A great book for Native American stories for Storytelling.  Written by an Austrian immigrant who became a folklorist, the tales are said to have been collected on the road, traveling around the US.   This is an old book, and it does tell which nation the tale is from, but I cannot vouch for the accuracy of the tales.  It is a nice book, with a glossary of pronunciation, one of it’s nicest features!

Kawagley, D., “Yupik Stories.” Salt Lake City, UT.  AMU Press. 1975.  Ages 10 and up. 184 pp.

These are stories of the Yupiat, retold by native Dolores Kawagley, who also illustrated the work with wonderfully clear and simple pen and ink illustrations.  The stories are related and written down by Kawagley, but are attributed to the individuals who told her their stories.

Lyback, J., “Indian legends of Eastern America.”  Chicago.  Lyons and Carnahan. 1963. Ages 7 and up. 180 pp. LC 6221457

A nice selection of stories, altough most are very short, what I like are the tie-ins to real places which explain natural formations.  This book contains a glossary at the end to aid in the pronunciation of Native American Nation’s names, some of which are no longer in use.

Manitonquat, “The Children of the Morning Light:  Wampanoag Tales.” New York. Macmillan Publishing Company, 1994.  Ages 8 and up.  72 pp.  ISBN 9780027659054

Storyteller Manitonquat (Medicine Story) tels his stories reluctantly in this book.  His objection is that a story in a book is “frozen,” it no longer has the life breathed into it by the Storyteller.  The good part is that the story is saved and can be brought back to life through telling.  These are tales worth telling and retelling. Manitonquat tells his stories with modern vernacular and a lot of humour!  I love the fact that we get a story about sharks and porpoises!

Martin, F.  “Raven-who-sets-things-right:  Tales of the Northwest Coast.”  NY, Harper and Row. 1951. LC 742631.

Dorothy McEntees illustrations show many different artworks from the Indian Nations of the Northwest Coast.  The tales are wonderful.  It is unfortunate that so many books were written so long ago and may be lost.

Melzack, R., “Raven Creator of the World:  Eskimo Legends Retold by Ronald Melzack.” Boston. Little, Brown and Company. 1970.  Ages 8 and up.  91 pp.  LC  70122535

Although the author does point out that the Eskimos call themselves the “Innuit – which means simply ‘the people.’  We know them as ‘Eskimos,’ an Indian name which means ‘eaters-of-raw-meat.’,” he continues calling them Eskimos.  Such is 1970, and the mindset.   The book is nicely done, however, and the tales are great stories!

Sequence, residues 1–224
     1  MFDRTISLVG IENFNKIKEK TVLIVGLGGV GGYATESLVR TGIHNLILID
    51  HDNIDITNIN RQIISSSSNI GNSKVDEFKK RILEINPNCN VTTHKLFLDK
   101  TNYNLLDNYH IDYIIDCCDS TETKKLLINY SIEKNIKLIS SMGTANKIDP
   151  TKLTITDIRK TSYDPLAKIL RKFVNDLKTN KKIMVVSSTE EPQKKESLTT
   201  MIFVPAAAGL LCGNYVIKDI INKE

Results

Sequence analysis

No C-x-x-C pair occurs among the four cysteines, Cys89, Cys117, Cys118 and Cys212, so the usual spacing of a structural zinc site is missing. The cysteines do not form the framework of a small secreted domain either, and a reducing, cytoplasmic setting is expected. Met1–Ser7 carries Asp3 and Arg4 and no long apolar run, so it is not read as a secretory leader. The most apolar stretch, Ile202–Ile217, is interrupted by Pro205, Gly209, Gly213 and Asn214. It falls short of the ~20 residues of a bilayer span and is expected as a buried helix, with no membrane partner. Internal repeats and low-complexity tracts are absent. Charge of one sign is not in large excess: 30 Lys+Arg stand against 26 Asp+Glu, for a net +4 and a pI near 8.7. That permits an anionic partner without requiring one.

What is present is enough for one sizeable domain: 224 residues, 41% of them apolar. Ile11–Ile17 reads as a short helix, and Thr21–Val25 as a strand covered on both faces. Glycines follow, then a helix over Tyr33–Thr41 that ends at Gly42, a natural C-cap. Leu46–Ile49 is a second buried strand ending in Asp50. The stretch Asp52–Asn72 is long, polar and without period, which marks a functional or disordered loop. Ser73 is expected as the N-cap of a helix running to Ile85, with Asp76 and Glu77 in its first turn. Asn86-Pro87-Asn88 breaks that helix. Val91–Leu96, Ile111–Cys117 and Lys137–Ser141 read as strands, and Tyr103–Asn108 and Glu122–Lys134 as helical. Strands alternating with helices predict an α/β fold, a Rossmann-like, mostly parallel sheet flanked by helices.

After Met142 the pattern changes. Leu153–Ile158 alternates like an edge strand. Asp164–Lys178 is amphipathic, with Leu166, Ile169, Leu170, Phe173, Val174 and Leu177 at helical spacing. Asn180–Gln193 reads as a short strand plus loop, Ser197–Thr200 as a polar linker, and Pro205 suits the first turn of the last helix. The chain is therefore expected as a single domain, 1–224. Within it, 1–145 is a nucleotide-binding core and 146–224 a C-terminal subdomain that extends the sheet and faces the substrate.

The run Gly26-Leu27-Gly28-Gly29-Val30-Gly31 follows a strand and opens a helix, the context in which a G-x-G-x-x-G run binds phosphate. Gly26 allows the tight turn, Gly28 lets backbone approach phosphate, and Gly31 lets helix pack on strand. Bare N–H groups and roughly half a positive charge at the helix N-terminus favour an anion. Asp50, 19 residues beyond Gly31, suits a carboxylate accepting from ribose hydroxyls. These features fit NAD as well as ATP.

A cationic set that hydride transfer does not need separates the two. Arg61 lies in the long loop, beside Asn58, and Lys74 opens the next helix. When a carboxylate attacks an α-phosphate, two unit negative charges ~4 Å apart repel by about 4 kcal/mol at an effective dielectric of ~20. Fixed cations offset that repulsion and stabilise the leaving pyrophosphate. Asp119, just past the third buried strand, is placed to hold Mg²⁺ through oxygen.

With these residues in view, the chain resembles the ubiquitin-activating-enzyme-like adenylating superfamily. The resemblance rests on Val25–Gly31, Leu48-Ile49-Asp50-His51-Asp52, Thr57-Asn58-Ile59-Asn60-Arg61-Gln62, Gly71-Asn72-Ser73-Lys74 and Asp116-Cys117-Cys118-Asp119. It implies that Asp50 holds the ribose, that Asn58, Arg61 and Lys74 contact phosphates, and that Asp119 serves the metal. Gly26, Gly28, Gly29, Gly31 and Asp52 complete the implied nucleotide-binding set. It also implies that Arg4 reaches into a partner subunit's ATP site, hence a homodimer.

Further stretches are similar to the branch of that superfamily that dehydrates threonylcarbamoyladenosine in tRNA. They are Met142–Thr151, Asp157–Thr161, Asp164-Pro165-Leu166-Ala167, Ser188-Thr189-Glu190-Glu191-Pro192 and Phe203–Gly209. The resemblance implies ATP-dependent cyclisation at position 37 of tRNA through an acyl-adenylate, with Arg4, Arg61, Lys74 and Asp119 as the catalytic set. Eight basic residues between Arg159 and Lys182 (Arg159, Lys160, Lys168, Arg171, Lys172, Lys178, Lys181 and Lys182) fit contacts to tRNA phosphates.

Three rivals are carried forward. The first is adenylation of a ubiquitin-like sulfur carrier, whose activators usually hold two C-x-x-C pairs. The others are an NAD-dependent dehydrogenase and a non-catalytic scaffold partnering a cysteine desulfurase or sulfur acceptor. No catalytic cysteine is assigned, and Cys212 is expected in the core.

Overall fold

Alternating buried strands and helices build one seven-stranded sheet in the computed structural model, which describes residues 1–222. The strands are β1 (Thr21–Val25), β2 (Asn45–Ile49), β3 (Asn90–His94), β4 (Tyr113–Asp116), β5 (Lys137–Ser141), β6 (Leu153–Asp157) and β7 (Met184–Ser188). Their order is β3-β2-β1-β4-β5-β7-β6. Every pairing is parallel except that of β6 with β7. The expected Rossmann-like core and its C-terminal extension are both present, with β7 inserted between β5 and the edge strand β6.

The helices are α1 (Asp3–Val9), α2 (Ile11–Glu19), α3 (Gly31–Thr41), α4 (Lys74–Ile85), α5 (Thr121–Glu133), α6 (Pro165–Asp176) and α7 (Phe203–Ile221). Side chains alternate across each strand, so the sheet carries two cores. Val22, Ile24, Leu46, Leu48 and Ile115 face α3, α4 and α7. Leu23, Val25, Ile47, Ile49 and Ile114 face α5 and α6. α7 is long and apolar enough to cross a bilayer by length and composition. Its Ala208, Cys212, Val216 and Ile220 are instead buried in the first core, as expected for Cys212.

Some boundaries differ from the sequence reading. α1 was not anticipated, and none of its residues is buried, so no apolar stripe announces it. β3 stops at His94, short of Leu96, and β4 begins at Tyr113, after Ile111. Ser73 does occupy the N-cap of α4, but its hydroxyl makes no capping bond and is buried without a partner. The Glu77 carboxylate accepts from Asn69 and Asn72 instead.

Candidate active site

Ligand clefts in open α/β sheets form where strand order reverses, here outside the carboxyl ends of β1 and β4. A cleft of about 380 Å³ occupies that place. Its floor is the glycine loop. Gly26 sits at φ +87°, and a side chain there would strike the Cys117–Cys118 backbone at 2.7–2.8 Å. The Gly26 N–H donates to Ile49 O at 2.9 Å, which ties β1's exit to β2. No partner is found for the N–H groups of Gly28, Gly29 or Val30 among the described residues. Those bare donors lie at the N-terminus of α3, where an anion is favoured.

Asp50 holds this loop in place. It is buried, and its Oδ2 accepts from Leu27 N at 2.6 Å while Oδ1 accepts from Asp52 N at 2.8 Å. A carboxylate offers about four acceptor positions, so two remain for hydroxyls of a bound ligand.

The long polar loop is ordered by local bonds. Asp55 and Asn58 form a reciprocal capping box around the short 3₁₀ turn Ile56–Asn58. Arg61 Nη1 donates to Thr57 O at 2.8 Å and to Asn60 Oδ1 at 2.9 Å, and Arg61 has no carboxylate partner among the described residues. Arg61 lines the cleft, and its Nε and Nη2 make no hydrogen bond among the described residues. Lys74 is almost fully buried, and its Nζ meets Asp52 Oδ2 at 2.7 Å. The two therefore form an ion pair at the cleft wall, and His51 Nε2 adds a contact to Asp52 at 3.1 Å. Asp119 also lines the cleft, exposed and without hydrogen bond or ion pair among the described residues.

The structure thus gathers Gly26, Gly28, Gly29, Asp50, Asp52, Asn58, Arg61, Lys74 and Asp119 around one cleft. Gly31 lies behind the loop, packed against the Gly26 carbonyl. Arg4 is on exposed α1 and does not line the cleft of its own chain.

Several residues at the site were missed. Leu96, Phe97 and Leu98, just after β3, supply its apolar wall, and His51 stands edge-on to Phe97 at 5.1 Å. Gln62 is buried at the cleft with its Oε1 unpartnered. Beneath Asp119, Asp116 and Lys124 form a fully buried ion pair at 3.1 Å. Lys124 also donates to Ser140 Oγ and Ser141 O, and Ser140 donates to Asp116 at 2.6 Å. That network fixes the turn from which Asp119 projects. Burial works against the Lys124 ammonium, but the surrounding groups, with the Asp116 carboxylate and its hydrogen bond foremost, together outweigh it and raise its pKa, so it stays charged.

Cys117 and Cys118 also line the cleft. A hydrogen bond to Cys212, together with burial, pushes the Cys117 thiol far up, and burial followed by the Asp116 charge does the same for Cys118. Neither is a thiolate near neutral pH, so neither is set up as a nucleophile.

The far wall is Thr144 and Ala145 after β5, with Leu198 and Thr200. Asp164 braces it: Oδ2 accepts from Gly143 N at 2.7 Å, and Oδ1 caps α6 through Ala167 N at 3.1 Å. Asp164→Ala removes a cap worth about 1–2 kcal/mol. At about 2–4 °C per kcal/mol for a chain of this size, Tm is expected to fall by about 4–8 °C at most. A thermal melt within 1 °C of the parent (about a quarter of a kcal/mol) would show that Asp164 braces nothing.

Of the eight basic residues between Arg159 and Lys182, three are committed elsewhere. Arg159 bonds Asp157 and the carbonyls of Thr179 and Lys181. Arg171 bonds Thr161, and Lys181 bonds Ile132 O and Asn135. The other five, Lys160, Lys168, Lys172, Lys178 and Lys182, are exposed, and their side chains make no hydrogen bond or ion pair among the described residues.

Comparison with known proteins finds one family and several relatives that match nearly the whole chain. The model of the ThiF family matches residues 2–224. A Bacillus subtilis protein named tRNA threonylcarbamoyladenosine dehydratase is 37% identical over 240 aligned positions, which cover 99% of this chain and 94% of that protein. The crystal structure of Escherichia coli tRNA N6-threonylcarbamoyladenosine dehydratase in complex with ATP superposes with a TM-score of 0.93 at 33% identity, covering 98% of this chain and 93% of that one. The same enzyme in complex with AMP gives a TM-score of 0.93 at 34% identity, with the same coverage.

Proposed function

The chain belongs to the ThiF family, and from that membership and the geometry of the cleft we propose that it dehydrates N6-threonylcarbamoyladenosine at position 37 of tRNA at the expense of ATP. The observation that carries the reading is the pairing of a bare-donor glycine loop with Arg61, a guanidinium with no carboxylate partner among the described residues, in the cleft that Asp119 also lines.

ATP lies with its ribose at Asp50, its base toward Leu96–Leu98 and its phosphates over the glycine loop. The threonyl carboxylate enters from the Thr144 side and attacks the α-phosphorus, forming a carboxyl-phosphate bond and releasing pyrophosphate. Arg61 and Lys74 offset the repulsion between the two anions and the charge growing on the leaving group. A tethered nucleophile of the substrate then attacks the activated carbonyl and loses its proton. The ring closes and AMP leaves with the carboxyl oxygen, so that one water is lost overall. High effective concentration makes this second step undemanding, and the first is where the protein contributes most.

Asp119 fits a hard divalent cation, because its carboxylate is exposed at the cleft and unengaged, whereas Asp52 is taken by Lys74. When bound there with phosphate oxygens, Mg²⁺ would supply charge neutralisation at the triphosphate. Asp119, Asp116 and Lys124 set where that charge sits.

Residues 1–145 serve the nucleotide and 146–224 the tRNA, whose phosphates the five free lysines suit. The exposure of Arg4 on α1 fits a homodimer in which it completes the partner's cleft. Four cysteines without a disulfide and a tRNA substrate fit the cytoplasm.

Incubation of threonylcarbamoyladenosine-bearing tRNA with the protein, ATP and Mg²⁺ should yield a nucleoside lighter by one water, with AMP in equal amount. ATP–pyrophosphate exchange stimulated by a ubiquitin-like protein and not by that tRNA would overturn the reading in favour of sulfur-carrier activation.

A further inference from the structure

Messenger, C. & Katz, S., “When the Shadbush Blooms.”  Berkely, CA, Tricycle Press. 2007.  Ages 4 and up, 32 pp.

A well told story with the past and present shown in images side-by-side.  The tale is about life, how little it truly changes – and how much.  The Indians in the book know when the Shad will run, because that’s when the Shadbush blooms.  Although it does touch on the stereotype of Indians being at one with nature, I think this is a true stereotype.  Native Americans had to be at one with nature, in order to live off the land.  The side-by –side presentation is a beautiful look at historically accurate drawings of the Indians of the past going about their daily business, and the Indian children of today doing the same tasks, sometimes in a more modern fashion, but sometimes not.

Mullett, G., “Spider Woman Stories.”  Tucson, University of Arizona Press. 1979.  Ages 4 and up.  142 pp.  ISBN 0816506698

The Hopi have many tales and regard the Spider Woman as a trickster or a Grandmother.  These tales have been rewritten as prose, and according to the forward, are not accurate re-tellings, but very nice interpretations of the stories.

Newcomb, F., “Navajo Bird Tales: Told by Hosteen Clah Clee.” Wheaton, IL, Theosophical Publishing House. 1970.  Ages 5 and up. 125 pp.  ISBN 0835600173

Navajo storytelling nicely and simply illustrated by Na-Ton-Sa-Ka.  The book is set to read as a tale, beginning as a tale told about the storyteller.  It is a fun thing, and I tell you that 5 year olds could listen to the book, but you should be 7 or 8 to read it alone.  As with most Native American tales, they are best told, not read!

Raczek, L.,  “Rainy’s Powwow.”  Flagstaff, AZ.  Rising Moon.  1999.  Ages 6 and up, 32 pp.

Dancing is a Native American tradition showing reverence for the world around us, and is a very spiritual and personal form of expression.  Does the dancer choose the dance or does the dance choose the dancer?  Rainy finds out in a book illustrated by Gary Bennett.  She explores three styles and when it is time to choose, she wonders how she can. This is an informative and moving book, containing a short glossary of terms and explanations of the dances and dance costumes for the reader.  This would be a great book to read before a Native American Dancer visited.